Friday, December 28, 2012
Would Going Off Fiscal Cliff Be So Bad ?
Boehner is now trying to put the onus on the Senate and the president, saying it is up to them to save the nation from going off the "fiscal cliff". He'd better not hold his breath for that though, since the Democrats know their position will only get better after the end of the year (and the GOP position will just get weaker). But while the Republican politicians have been screaming about what a disaster it would be to go over the "fiscal cliff", and too many media members seem to have bought into their rhetoric, I have to wonder if it would really be that bad. If nothing at all is done before the end of the year, this is what will happen:
* All of the Bush tax cuts will end. The Democrats will immediately propose that those cuts be re-instated for those making less than $250,000 a year -- and the Republicans will have to go along with it, or be labeled as the party that refused to cut taxes for most Americans. And the rich will go back to paying the same tax rates they did in the Clinton administration (which would still be one of the lowest rates in modern history).
* There would be across-the-board cuts in discretionary spending. This would not be great for those Americans hurting the most, but at least the cuts would be fair -- and would include cuts to the bloated military budget (which the Pentagon has said would not hurt the military at all). These cuts will take hold slowly, and if it looks like they will hurt the economy, there is time to restore some of it.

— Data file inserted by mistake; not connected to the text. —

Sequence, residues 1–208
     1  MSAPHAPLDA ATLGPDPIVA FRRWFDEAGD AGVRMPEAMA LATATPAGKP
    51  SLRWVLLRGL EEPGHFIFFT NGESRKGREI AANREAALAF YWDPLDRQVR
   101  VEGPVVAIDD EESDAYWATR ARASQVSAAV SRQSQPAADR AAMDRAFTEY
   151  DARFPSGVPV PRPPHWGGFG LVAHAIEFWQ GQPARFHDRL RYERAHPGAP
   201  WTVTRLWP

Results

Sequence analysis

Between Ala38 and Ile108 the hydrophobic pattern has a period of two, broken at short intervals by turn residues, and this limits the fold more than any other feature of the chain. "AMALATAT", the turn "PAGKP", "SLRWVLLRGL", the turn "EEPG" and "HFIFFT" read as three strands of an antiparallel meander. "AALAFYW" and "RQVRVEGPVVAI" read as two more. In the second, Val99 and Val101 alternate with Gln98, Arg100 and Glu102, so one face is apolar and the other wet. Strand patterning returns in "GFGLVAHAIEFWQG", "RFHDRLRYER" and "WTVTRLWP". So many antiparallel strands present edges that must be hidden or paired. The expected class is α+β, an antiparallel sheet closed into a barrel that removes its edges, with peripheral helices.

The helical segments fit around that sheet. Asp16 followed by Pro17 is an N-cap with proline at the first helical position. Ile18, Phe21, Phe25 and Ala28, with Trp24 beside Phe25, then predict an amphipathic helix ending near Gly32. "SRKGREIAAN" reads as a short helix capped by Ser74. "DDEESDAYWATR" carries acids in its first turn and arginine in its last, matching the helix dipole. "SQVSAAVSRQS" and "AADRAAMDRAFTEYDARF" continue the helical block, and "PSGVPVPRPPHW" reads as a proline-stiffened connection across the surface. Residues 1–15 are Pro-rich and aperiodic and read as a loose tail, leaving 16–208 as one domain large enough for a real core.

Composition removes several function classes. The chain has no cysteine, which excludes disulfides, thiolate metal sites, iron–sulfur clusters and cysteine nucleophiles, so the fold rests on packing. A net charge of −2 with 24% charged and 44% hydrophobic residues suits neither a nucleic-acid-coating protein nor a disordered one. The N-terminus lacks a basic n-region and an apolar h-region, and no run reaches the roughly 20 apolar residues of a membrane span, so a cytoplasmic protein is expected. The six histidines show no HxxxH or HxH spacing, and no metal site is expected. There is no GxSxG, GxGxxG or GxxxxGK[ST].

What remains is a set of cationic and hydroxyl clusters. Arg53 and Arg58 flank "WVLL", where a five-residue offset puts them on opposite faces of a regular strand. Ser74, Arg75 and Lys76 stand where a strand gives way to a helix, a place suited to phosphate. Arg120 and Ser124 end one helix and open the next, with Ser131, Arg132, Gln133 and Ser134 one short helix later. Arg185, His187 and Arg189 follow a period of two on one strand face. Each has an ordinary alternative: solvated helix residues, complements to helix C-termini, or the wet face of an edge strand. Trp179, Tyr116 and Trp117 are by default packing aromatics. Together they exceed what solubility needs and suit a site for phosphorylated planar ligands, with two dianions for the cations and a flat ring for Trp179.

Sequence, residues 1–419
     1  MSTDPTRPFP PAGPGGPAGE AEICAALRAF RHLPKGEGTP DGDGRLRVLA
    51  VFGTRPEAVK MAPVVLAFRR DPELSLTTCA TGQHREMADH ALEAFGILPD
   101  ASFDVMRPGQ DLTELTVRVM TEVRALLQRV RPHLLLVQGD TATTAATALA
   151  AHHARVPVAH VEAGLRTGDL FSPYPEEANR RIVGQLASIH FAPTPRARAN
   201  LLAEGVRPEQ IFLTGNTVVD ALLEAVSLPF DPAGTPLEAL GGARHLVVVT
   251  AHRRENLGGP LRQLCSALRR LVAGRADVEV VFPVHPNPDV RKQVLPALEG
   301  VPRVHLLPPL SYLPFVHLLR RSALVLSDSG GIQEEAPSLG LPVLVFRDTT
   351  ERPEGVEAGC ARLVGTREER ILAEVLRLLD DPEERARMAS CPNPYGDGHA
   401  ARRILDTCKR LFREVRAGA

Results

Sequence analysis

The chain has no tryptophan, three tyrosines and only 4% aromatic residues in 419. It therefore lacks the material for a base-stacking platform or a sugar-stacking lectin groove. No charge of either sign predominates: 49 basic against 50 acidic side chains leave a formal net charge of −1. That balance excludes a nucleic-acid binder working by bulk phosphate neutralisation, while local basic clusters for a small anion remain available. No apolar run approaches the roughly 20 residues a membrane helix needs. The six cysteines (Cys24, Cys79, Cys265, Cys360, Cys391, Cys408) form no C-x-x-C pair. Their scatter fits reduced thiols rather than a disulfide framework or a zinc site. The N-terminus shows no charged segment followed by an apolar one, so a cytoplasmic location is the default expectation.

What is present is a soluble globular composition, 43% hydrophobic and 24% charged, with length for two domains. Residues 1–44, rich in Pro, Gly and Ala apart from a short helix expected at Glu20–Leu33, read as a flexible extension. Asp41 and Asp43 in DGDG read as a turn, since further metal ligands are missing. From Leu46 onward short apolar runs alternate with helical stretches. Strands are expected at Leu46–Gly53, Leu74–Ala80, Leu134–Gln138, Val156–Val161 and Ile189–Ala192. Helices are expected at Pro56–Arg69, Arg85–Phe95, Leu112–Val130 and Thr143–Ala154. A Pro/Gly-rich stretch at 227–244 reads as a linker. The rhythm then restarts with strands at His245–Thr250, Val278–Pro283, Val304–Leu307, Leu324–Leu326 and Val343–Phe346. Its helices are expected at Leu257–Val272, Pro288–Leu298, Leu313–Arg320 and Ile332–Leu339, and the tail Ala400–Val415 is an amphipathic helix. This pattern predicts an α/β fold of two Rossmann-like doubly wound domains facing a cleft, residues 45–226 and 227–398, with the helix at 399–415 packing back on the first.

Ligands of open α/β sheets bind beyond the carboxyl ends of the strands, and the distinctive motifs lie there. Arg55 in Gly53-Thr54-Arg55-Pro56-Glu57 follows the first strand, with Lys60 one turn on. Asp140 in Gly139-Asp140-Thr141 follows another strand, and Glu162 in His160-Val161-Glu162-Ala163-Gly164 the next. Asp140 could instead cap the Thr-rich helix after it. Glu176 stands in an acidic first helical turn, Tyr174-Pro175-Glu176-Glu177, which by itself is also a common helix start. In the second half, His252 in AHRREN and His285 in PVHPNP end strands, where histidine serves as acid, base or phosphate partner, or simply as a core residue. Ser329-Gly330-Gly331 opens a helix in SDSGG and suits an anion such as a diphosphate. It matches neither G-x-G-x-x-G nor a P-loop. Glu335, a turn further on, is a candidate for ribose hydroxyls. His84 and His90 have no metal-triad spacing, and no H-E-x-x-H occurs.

* Unemployment benefits from the federal government would cease for a couple of million people. This would probably hurt the economy more than the other cuts (since this is money that would be spent and circulated through the economy). The Democrats will try to reinstate those benefits -- and if the Republicans try to stop it, they are likely to pay for that in the next election.
* Social Security recipients would get their full cost-of-living raise, and it is likely that Democrats will protect them from any benefit cuts in the new year -- since the new Congress will have more liberal Democrats and fewer teabagger Republicans.
* The fear is that going off the "fiscal cliff" will put the nation back into a recession. But this is a fear of Wall Street and the giant corporations. Main Street, that is most Americans, still hasn't gotten out of the last recession and very little would change for them.
While it would be better to avoid the tax cuts for all but the richest people and avoid the cuts to discretionary spending (except for the defense budget, which needs to be cut), not getting anything done before the end of the year would not be a huge disaster. The tax cuts will be restored fairly quickly, and the Democrats will be in a stronger position in the new Congress to fight for ordinary Americans. And once this all goes into effect, there will be a greater impetus to reach an agreement on what to do about it -- because the GOP will then have their backs against the wall.